Thursday, October 4, 2012

Why Are You Dehydrating?


I think we need a bit of a discussion.  Many people in this group use freezers and do quite a bit of canning and freezing.  Most of us have been raised with these relatively new methods of food preservation.  We tend to stick to what is familiar. For most of us, dehydrating foods is not familiar.

It’s hard to imagine storing food that doesn’t spoil without electricity or canning. Dehydrated food looks strange to us, and we don’t treat it the same way we do when we are using canned or frozen food. The convenience of opening a container and plopping it into a pot and having it ready in a matter of minutes just isn’t there.

Canning was invented by a Frenchman, Nichols Appert in 1809.  He won a prize when he invented a method of providing better food for Napoleon’s Army.
Although ancient people and those in the coldest regions of the world can preserve food by freezing, it did not become practical for most of the world until the advent of electricity and the invention of electric freezers.

Now, why do you choose dehydrating foods over freezing and canning? 

  • Some people will do it for the novelty.  Electric dehydrators provide a new twist to a food preservation method that has been documented at least before 1,200 years.


  • Some people do it because it is the most economical method of food preservation.  Once your food it preserved, it does not require any additional expenses to keep it stored.

  • Some people do it because the shelf life is so great.  Most dehydrated foods will keep at least ten to twenty years.


  • Some people do it because it is the most reliable form of food preservation.  You don’t need to worry about thousands of dollars worth of food spoiling if the electricity or your freezer fails.

  • Some people do it because it is lightweight. That makes it perfect for camping and traveling.

  • Some people do it because it causes the least nutritional damage than any other form of food preservation.

  • Some people do it for health reasons. They want to avoid unwanted chemicals and additives in their food.

  • Some people do it because it requires very little storage space.


  • Some people do it because it is an ideal method to set aside stores of food for the unexpected emergency. That may range from some major natural disaster (long-lasting drought) to political upheaval (wars & riots) to economic collapse.




  1. Another reason is that my dehydrator takes less of my time to set up. It may take hours to dry, but only a few minutes to slice something and turn on the machine. Canning or even freezing might take a lot longer.

  2. I can, freeze and dehydrate. Some food stuff I like better one way or another. Or I'll dehydrate foods when I have too much to can or freeze. Or in the case of eggplant, it's about the best way to preserve it. I like have all my options available.

    1. I don't eat much eggplant. Never had it as a child. Tell me more about how you dehydrate and use it, please.

      It's great when you have the option of several food storage methods. I used to do a lot of canning and freezing years ago. But today my life has changed. All I have is a tiny freezer over the fridge. Live in a rental trailer with very little cabinet space, so canning is pretty much out, too.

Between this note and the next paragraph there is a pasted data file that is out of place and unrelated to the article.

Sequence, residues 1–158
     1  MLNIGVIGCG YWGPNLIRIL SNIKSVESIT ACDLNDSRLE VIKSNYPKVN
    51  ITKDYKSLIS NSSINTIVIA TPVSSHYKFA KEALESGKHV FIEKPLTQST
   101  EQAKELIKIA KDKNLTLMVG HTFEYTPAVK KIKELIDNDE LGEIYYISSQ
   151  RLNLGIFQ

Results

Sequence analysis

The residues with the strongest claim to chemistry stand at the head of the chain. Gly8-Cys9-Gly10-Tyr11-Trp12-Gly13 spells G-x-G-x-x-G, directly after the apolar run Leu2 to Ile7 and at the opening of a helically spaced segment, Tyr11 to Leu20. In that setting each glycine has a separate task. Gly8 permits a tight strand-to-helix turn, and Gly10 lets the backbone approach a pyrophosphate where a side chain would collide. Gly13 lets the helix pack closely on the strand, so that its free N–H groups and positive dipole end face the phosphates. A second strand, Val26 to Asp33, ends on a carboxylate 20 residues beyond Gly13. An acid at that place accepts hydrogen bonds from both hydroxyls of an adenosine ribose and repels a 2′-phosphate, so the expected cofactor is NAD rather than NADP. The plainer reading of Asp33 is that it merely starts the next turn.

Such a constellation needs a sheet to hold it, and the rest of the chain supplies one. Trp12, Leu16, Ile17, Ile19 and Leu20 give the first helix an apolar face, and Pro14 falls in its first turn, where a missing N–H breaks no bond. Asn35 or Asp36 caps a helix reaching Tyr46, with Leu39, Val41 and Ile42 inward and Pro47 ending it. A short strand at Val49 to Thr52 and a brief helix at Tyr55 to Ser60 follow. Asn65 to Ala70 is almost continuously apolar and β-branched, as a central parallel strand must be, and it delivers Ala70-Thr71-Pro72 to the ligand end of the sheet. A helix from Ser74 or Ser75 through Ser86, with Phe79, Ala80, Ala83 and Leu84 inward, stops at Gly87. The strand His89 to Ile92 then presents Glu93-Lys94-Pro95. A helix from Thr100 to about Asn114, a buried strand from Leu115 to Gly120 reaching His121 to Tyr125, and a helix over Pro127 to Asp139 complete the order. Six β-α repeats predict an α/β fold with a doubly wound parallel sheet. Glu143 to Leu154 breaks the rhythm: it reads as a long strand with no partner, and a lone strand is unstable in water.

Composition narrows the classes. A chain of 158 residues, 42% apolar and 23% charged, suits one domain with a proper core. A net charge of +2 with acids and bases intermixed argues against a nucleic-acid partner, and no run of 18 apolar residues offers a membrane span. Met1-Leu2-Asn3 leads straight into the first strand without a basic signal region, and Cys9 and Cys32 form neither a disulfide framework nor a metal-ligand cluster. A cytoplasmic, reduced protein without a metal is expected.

3. I haven't begun to dehydrate yet, however I am waiting on my dehydrator (it's supposed to be a gift my mother wanted to give me for my less than a month). I plan to dehydrate for most of the reasons listed above, but also because of my location. Living where hurricanes can easily rage through leaving you without power from hours to pays to be smart about food storage. I can easily store from days to months worth of dehydrated meals and transport them with us if we need to evacuate. I am using the hurricane as an example but it goes for any other situation where I need to get my family out of dodge quickly...we need to eat and a months worth of canned goods takes up quite a bit of space in the back of my car. Whereas one meal of dehydrated potatoes,hamburger rocks and dried peas with some spices tossed in will easily fit into a quart sized ziplock before rehydrating. Makes sense to me.

    1. Mechelle, you're a smart gal! Sometimes I feel like I'm batting my head against the wall about this. People just don't seem to understand that no matter where you live, there is always the possibility that you may need to evacuate your home. (20 years in Florida). YOu got it, Girl! Look over some of my newer posts on dehydrating casserols and one dish meals. Put toghethr meals with just enough for one meal for everyone in your family. Include a label with instructions on how to use it. That way you don't even have to refrigerate leftovers.

    2. I love eggplant but I also only began eating it last summer. Here is my favorite way to eat it. Very easy and you can easily convert it to using dehydrated foods. Turn oven on to 400 degrees. Spray casserole dish with Pam. Cube eggplant. I peel mine....either way is fine. Put egplant in dish. Cover with spaghetti sauce. Bake until eggplant can be pieced with fork. Sprinkle on parmeson cheese. Top with seasoned bread crumbs. Return to oven until browned. I have also used other cheeses. I love this dish. Hope you try it.